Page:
It sounds like a corny Hollywood movie. The home team has its back against the wall. It calls on its best pitcher, who bravely goes to the mound despite being sick. He not only wins the game, but hits a home run to boot. And if that’s not enough cornball for you, a friend had asked the pitcher to win a game for the man’s wife, who recently died in an automobile accident.
Welcome to Game Six of the 1965 World Series, where everything described above really happened. The Minnesota Twins had their backs against the wall, having dropped three straight to the Dodgers in Los Angeles after winning the first two games in Minneapolis. Twins manager Sam Mele gave the ball to Jim “Mudcat” Grant, who had a 1-1 record in the Series and who only had two days’ rest after giving up five runs (four earned) in five-plus innings in a 7-2 Twins loss. The pressure on Grant was compounded by the fact that he had a bad cold and sore knees.
“My head feels like a balloon, my cold’s no better and my knees are bothering me,” said Grant. “Otherwise, I’m all right.”1
Claude Osteen started Game Six for the Dodgers. Osteen was the Twins’ nemesis, having accumulated a 5-0 won-lost record against them when he pitched for the Washington Senators, plus a 4-0 shutout win in Game Three of this World Series.
So far, this had been a homer’s Series, with each team winning in its home park. After taking the first two games at Metropolitan Stadium, the Twins lost all three games in Los Angeles, were shut out twice, and were outscored 18-2.
“In losing the three games in LA, the all-round play of the Twins was like that of disorganized sandlotters,” wrote sportswriter George Raubacher. “Little Leaguers generally function better than did the Twins in three reverses away from home.”2
Perhaps that critique didn’t motivate Grant, but the need to win certainly did, and his pitching showed it, as he was almost perfect through four innings. Dodgers catcher John Roseboro reached safely in the third on an error by third baseman Harmon Killebrew, but was thrown out trying to steal second on a “strike ’em out, throw ’em out” double play with second baseman Dick Tracewski at the plate. Osteen started off well enough, giving up three hits and two walks through the first three frames, but keeping the Dodgers off the scoreboard. That all changed in the fourth.
Twins catcher Earl Battey led off the inning with a groundball to second base but Tracewski, playing in place of the injured Jim Lefebvre, booted the ball and Battey was safe. Left fielder Bob Allison, who was 1-for-10 at this point in the Series, sent Osteen’s third pitch on a long ride into the lower left-field pavilion, giving the Twins a 2-0 lead.
Grant gave up his first hit in the fifth, a harmless single by Dodgers right fielder Ron Fairly. Grant experienced his only tough spot of the game in the next inning. Tracewski singled and then, after Willie Crawford struck out while pinch-hitting for Osteen, moved to second on a base hit by shortstop Maury Wills. With two on and one out, Grant induced third baseman Junior Gilliam to pop to short and got center fielder Willie Davis to fly to center.
When managers make the standard move in a game, such as removing a pitcher for a pinch-hitter or walking the number-eight hitter to get to the pitcher’s spot in the batting order, they know that sometimes these moves won’t work. It’s when both moves backfire in the same inning that the gray hair comes in. Dodgers manager Walter Alston would have bought a truckload of “Just For Men” if it had existed back then after the Twins’ half of the sixth because his moves failed spectacularly.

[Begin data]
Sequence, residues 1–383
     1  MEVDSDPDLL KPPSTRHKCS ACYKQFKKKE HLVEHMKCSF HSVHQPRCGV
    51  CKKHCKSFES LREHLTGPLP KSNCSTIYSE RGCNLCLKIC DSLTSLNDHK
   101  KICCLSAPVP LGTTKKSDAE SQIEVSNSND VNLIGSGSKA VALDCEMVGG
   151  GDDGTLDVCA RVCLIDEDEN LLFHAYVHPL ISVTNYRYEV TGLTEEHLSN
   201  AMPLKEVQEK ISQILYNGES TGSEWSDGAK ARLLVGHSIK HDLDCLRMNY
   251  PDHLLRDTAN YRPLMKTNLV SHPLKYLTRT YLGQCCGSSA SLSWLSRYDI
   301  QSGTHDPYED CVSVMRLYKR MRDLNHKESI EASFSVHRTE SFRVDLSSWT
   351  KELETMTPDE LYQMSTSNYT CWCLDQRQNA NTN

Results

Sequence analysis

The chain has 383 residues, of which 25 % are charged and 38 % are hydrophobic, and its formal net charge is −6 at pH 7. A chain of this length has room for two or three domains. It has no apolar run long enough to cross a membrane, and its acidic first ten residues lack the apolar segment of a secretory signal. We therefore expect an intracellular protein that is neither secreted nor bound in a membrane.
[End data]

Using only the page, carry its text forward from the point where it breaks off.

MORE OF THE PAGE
Howie Reed replaced Osteen on the mound and, with one out, walked Allison, who then stole second while first baseman Don Mincher struck out looking. Alston then ordered Reed to walk second baseman Frank Quilici, who was hitting .188 for the Series, to get to Grant, who hit .155 during the season with no home runs. The same move blew up in the Twins’ face in Game Five, when Dodgers pitcher Sandy Koufax got a single to drive in a run; and on this day Grant got a hit, too, except in this case it was a three-run homer to left-center, making the score 5-0.
It’s a tradition in baseball that any pitcher who hits a home run can suddenly talk about hitting as if he’s Ted Williams.
“I said to myself, ‘He’s going to throw me a curve. He can’t afford to give me a fastball in a situation like this,’” said Grant. “Sure enough, he threw the curve. I knew it was gone the moment I hit it.”3
The Dodgers didn’t mount any further threats. Fairly belted a solo home run to right-center leading off the seventh, but otherwise Grant breezed through the rest of the game. He pitched masterfully, allowing only six hits and striking out five while not walking anyone. He stayed ahead of the hitters the whole game – of the 33 batters he faced, he threw first-pitch strikes to 28.
The fact that it was a win-or-go-home situation no doubt motivated Grant, but he had a deeper, more personal incentive as well. Before the game, he received a telegram from a friend that said: “Win the next one for Scotty. … Your friend, Howdy Doody.”4 Grant explained to a reporter that “Howdy Doody” was a friend of his in Kansas City and that Scotty, the friend’s wife, had died in a car accident a week and a half before, and that they were married for less than a year.
“I thought about her when I went out to the mound,” said Grant. “I’m glad I made my friend a little happier.”5
On to Game Seven.
Janesville (Wisconsin) Daily Gazette
Ellensburg (Washington) Daily Record
San Bernardino (California) Daily Sun
1 Associated Press, “Minnesota’s Hopes Ride on Tired, Sick Pitcher,” Ellensburg (Washington) Daily Record, October 13, 1965.
2 George Raubacher (Associated Press), “Twins Alive by Coming Alive,” Janesville (Wisconsin) Daily Gazette, October 14, 1965.
3 Joe Reichler (Associated Press), “Twins Hero Inspired by Letter,” San Bernardino (California) Daily Sun, October 14, 1965.